A Slice of Scotland: (2) Doon the watter

From my window the Clyde very much looks like a broad and lazy river. The Vale of Leven and Helensburgh across the water seem within easy reach. Even if the truth is they can be a bit of a slog to get to. Following the river a bit further though not only does it widen, as you might expect, it does a peculiar dogleg bend. Around the outside edge of the bend three lochs branch off like watery sun rays, creating several peninsulas that make getting around by land quite a chore. This is where the Inverclyde region becomes a true water world and getting around by ferry is a necessity rather than a novelty. Yet long before now this quirk of geography made boats a desirable form of transport for a whole different class of people for largely different reasons. During the height of the first Industrial Revolution the Firth of Clyde became synonymous with luxury paddle steamers.

Inside the bend of the Firth of Clyde, on it’s own peninsula vantage point, is the tiny town of Gourock. For it’s diminutive size Gourock holds and out sized importance in the area. This is where the riverside rail line to Glasgow terminates and is the hub for the majority of the cross Clyde ferries. Directly from outside the train station two foot ferry routes leave. The first and most used, is going to Dunoon. This route has two vessels both fast boats but one is a more modern, svelte and elegant ship whilst the other is a thick armed, high catamaran with more of a wallowy nature. The second route is a little more direct over to the wee village of Kilcreggan. Unlike the higher demand Dunoon ferries the Kilcreggan ferry is a dumpy tub of a little ship that chugs its way across the wide water like a glorified pedalo. I have often joked it gets faster the more people are aboard due to the increase of people available to peddle. Truth be told though this is a delightful journey across to a fabulous and incredibly overlooked place.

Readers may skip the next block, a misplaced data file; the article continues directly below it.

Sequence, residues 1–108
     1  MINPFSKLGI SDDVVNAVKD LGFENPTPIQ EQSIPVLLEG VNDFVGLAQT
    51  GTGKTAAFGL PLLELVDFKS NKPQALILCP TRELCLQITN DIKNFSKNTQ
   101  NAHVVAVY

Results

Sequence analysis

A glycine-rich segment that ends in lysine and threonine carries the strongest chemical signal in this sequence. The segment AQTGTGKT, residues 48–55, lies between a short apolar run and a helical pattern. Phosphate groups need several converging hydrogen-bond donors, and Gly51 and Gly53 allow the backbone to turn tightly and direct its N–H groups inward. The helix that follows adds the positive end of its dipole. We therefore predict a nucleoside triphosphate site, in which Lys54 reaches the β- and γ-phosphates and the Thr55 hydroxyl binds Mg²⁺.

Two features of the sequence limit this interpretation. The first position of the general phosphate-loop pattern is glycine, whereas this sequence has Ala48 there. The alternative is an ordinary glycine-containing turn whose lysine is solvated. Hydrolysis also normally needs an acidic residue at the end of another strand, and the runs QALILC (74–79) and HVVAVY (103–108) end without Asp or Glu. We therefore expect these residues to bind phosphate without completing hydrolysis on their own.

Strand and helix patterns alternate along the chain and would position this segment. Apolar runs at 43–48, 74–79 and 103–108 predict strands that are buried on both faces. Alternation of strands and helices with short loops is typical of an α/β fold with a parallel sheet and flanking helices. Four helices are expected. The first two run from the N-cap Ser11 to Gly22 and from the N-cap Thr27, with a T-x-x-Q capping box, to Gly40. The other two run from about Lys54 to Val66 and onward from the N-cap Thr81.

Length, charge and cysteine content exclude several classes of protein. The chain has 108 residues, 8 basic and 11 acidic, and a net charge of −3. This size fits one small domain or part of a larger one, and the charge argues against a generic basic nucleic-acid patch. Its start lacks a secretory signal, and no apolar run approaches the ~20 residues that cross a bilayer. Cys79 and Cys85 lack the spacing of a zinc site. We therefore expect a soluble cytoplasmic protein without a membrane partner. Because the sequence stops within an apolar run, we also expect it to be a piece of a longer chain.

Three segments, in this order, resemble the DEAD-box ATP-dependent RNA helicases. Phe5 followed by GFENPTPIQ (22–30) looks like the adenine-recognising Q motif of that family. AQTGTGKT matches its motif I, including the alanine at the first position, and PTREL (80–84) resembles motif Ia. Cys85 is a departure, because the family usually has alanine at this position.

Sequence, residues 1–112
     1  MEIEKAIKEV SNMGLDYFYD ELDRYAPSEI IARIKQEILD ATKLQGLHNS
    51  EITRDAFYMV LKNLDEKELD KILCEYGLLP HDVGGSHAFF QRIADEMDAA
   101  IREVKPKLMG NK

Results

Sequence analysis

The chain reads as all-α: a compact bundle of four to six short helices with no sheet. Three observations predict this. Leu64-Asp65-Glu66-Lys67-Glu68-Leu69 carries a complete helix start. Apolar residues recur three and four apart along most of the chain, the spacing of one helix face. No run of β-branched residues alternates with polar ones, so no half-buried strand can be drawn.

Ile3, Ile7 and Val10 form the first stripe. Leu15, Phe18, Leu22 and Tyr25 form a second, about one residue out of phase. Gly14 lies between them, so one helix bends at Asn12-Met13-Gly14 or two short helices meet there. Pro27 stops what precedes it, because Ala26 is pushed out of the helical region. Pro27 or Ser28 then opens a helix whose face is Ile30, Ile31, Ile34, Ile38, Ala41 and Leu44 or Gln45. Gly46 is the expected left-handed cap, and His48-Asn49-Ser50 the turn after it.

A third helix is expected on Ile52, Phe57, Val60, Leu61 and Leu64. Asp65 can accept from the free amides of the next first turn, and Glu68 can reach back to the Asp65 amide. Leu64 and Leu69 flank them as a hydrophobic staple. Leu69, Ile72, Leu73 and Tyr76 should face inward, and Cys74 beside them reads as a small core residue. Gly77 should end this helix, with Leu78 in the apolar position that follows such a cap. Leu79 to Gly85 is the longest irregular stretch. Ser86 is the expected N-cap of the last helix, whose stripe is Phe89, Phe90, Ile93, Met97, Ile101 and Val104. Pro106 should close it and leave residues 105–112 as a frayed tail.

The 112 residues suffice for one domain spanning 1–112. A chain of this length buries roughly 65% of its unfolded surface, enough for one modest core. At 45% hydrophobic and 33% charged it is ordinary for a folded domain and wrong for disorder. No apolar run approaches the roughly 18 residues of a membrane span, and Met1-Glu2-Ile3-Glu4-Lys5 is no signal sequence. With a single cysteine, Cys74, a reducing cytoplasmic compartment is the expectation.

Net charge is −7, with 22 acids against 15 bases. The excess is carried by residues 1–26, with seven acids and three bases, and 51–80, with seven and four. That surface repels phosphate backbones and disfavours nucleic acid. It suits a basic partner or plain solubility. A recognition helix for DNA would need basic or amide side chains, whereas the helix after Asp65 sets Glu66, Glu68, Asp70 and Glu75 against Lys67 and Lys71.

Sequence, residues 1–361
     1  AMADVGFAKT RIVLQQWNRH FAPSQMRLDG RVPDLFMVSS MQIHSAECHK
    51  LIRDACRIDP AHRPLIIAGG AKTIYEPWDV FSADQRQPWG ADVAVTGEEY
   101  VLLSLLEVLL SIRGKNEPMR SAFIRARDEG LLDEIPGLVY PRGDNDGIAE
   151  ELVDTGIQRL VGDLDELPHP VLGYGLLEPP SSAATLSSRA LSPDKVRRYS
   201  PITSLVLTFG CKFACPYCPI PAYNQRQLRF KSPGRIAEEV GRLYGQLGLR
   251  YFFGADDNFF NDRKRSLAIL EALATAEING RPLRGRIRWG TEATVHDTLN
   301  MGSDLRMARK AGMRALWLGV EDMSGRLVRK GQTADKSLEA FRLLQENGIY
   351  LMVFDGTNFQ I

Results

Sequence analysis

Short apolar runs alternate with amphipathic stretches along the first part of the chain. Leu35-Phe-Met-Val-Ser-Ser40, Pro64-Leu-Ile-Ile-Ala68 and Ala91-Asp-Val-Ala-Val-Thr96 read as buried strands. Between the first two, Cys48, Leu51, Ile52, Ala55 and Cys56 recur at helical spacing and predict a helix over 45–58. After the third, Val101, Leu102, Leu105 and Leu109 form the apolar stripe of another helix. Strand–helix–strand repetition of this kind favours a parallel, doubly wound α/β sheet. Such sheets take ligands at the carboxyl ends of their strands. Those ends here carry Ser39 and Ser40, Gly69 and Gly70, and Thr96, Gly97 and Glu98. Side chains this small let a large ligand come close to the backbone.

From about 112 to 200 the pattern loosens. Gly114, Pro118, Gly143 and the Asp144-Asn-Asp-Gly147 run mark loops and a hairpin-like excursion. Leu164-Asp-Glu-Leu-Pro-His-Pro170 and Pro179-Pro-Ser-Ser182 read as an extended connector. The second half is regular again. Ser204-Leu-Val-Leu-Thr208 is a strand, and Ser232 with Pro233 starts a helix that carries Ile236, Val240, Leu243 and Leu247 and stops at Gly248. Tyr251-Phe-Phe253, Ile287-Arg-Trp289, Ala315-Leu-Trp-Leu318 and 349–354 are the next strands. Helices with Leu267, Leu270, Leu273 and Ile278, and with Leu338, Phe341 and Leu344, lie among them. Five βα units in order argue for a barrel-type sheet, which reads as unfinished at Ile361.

Gourock may be at the centre of this transport infrastructure but it is far from a pass through place. It could be easily missed but to miss it would be something of a travesty. The stop just before Gourock on the train is Fort Matilda but is still, more or less, in Gourock. Getting off at Fort Matilda is a great option providing a walk down to the waterfront Battery Park. Following the waterside footpath towards Gourock takes you round Cardwell Bay and one of the best cafes in the area, ‘The Cove,’ right on the corner of Cove Road with wrap around windows providing customers with some great views. The cake’s worth the trip too. Following the coastal path further takes you to the ferry terminal and train station. It’s worth pausing to take note of the significance of this place though, because it is significant, especially if you’re a fan of kippers, but that’s another story.

Yes kippers possibly pale in comparison to what happened on the Clyde in 1812. Before getting there you should know about one of the famous sons of the Clyde. Born in Greenock on 30th January 1736, James Watt would make his name by perfecting the steam engine, taking it from a large, heavy and unwieldy thing delivering it’s power in a sporadic fashion to a lighter, more powerful and continuous power provider. This allowed a Watt Engine to be placed in a boat built by engineer William Symington in 1788. That first boat ferried members of his family and friends around a lake in Dumfries, a bit of bettering the neighbours for the well to do. His later commercial vessel Charlotte Dundas worked on the Forth and Clyde canal from 1803. Then, using a Watt Engine transported from the UK under a pseudonym, Robert Fulton built the North River later known as the Cleremont to ferry passengers between New York and Albany allowing him to claim the steam passenger ship was an American invention. Yet it was back on the Clyde that the first truly commercial and profitable steam boat was built. Commissioned by Henry Bell after he corresponded with Robert Fulton about his venture this hotel and baths owner saw a way of getting more people to his facilities in Helensburgh. In 1812 John Wood and Co. Shipbuilders of Port Glasgow launched Comet. Henry Bell took a few of his chosen mates on a maiden voyage before running an ad in the Greenock Advertiser: